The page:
One of our pigs became the mother of 6 tiny piglets last week, and it has interrupted our schedule rather rudely. After an interesting start where we had to collect the new arrivals in a box for an hour or two while piggy settled down a bit, mother and babies are now doing very well. We hope to be back our regular timetable for December.
Well, the clocks have recently gone back, and we don’t know about you but we found the adjustment to darker evenings and marginally lighter mornings quite hard. We still have plenty to do outside – new pig arks and animal shelters to build, fences to complete, roofs to make watertight – but with at least one hour less of useful daylight than we had a few weeks ago.
Also, according to our pigs and birds nothing had changed and it was important to adjust the feeding regime slowly so as not to cause them unnecessary stress. The same can be said for our dogs, and we’re sure yours were the same. Where we used to feed them at 6pm, it had to be 5pm for a while or they would start to speak to us! Slow adjustment saved our eardrums a little.
Perhaps more noticeable is the fact that when we’re out in the early evening now, our dogs ‘disappear’. If it wasn’t for an assortment of blinkers, strobes, and lighted collars (a different one for each dog so we know who’s who!) we wouldn’t know where they were.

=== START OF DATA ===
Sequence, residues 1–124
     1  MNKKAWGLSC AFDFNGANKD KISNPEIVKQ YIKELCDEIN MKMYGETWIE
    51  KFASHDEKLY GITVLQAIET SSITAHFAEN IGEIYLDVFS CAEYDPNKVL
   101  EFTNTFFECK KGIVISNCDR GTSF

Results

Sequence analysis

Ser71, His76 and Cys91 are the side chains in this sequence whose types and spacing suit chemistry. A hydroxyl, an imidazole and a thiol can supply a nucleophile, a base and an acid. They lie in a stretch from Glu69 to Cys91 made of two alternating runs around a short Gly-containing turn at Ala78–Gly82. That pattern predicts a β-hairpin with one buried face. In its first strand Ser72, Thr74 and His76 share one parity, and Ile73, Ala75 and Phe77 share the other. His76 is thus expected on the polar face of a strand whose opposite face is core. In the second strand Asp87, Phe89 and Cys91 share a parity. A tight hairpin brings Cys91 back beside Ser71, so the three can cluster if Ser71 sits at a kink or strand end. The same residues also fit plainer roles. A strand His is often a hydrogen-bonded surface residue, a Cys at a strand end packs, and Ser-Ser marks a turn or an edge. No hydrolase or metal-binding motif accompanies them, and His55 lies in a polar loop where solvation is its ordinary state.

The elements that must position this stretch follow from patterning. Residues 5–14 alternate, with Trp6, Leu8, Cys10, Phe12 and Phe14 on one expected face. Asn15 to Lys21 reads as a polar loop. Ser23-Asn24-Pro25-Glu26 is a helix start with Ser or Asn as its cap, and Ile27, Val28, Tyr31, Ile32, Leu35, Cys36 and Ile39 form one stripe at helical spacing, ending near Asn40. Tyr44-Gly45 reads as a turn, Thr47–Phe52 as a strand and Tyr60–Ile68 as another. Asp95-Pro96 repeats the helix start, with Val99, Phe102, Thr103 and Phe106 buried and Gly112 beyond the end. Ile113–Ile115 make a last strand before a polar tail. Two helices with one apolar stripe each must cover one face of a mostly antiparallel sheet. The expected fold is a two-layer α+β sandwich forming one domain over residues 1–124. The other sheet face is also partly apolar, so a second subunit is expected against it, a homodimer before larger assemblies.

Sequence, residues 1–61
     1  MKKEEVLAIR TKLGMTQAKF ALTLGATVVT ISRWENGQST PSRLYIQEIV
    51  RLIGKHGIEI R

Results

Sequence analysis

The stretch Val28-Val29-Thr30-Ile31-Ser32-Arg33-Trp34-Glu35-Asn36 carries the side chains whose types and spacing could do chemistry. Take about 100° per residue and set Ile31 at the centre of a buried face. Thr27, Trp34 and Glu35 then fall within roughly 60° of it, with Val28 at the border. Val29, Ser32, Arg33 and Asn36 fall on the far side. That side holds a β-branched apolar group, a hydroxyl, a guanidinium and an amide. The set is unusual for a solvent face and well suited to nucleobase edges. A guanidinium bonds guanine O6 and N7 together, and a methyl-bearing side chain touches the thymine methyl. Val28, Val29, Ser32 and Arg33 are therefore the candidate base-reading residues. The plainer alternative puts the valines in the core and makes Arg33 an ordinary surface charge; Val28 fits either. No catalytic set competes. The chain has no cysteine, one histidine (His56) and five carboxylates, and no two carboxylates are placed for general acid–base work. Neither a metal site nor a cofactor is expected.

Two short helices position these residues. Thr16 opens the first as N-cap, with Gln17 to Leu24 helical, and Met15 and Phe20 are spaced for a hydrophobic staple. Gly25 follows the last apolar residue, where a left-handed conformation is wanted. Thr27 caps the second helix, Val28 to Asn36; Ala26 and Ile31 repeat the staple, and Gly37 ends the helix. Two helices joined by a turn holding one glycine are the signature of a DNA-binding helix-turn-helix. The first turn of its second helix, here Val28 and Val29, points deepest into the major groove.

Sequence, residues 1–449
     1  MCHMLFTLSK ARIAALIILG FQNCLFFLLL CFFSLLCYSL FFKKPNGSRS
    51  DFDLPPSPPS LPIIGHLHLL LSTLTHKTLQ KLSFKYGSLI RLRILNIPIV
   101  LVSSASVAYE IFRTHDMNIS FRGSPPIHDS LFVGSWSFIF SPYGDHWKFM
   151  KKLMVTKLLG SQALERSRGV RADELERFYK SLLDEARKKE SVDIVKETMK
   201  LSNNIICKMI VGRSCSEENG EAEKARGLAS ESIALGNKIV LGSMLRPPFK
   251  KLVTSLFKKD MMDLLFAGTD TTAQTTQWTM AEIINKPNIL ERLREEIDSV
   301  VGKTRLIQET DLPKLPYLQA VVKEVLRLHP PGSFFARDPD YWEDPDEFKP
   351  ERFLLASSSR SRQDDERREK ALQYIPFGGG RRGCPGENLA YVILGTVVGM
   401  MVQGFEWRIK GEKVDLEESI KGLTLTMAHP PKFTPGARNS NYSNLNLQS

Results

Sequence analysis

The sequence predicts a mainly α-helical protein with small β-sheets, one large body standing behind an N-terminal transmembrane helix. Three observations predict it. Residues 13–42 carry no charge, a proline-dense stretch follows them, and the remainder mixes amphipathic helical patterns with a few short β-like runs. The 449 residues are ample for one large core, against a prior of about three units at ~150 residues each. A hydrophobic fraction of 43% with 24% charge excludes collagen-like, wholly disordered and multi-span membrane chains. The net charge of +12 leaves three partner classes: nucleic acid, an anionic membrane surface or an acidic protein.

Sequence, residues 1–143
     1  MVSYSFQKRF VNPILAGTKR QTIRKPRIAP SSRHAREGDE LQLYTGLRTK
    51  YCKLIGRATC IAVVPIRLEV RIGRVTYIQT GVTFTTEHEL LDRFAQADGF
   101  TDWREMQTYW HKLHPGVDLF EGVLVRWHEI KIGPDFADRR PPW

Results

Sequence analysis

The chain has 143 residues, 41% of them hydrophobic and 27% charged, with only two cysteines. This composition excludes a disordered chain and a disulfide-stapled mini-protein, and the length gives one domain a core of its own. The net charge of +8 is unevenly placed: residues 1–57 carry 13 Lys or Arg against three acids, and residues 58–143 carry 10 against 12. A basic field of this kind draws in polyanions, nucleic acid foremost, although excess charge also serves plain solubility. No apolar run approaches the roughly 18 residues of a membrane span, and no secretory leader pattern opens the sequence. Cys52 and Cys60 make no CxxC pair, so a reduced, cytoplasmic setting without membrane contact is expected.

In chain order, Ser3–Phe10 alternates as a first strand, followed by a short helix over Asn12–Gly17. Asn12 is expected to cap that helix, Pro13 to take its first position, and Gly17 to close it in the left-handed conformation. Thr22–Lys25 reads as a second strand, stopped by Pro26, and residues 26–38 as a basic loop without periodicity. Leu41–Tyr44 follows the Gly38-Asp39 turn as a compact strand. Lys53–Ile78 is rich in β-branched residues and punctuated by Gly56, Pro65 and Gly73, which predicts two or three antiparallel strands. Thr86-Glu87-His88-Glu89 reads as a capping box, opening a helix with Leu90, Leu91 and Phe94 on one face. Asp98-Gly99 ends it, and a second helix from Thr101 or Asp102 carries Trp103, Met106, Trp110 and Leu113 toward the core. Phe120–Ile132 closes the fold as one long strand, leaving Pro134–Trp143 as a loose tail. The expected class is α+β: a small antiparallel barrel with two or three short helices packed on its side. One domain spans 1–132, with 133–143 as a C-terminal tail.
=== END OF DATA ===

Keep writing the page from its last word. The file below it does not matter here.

Our first pig goes off to slaughter but leaves something for us to remember him by
We hope you are all well, and that the slight turn toward colder weather isn’t too off-putting for you or your dogs. We’ve certainly noticed a few changes up here, not least that the egg supply from our chickens has dipped somewhat. Nevertheless, it is certainly easier to get the birds away in the evenings and we can do so at a reasonable hour!
Since our last newsletter, we’ve been busy as usual. One of our first pigs was sent to slaughter a few weeks ago, and now resides in the freezer. Sad though it was, he lived far longer than most pigs reared for the purpose and he had a happy time with us (and his 3 girlfriends). His memory will live on in the shape of several Tamworth/Gloucester Old Spot piglets we are expecting sometime in November.
We get to grips with baling thanks to a little help from our neighbours
We’ve been quite busy outside. We were lucky enough to get a week without too much rain and got our hay baled a couple of weeks ago. Wow, was that hard work?
One neighbour baled, another watched, another lent us his tractor and cart. Quite a circus! After about 9 hours, a gallon of diesel, and with arms dragging along the ground, we finally deposited the 428th bale in the barn. Ouch, ouch, and thrice ouch!
Since then another paddock has been fenced, and gates are next on the agenda so that the expected inhabitants (piglets from our Gloucester Old Spot) can move in.